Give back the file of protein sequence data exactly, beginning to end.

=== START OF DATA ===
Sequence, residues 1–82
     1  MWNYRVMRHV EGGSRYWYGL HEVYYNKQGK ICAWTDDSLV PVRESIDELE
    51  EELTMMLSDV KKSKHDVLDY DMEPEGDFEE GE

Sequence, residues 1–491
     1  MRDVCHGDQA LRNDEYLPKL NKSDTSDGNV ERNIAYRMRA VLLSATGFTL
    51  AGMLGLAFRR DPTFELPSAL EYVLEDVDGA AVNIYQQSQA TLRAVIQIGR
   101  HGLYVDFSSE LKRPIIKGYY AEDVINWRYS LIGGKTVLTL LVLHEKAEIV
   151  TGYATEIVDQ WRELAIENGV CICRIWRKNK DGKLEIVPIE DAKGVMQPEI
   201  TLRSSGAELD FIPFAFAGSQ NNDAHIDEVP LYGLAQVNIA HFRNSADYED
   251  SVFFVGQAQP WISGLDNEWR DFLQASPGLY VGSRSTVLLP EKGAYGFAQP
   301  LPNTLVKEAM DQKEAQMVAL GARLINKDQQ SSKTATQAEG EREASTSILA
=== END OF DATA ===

Sequence, residues 1–82
     1  MWNYRVMRHV EGGSRYWYGL HEVYYNKQGK ICAWTDDSLV PVRESIDELE
    51  EELTMMLSDV KKSKHDVLDY DMEPEGDFEE GE

Sequence, residues 1–491
     1  MRDVCHGDQA LRNDEYLPKL NKSDTSDGNV ERNIAYRMRA VLLSATGFTL
    51  AGMLGLAFRR DPTFELPSAL EYVLEDVDGA AVNIYQQSQA TLRAVIQIGR
   101  HGLYVDFSSE LKRPIIKGYY AEDVINWRYS LIGGKTVLTL LVLHEKAEIV
   151  TGYATEIVDQ WRELAIENGV CICRIWRKNK DGKLEIVPIE DAKGVMQPEI
   201  TLRSSGAELD FIPFAFAGSQ NNDAHIDEVP LYGLAQVNIA HFRNSADYED
   251  SVFFVGQAQP WISGLDNEWR DFLQASPGLY VGSRSTVLLP EKGAYGFAQP
   301  LPNTLVKEAM DQKEAQMVAL GARLINKDQQ SSKTATQAEG EREASTSILA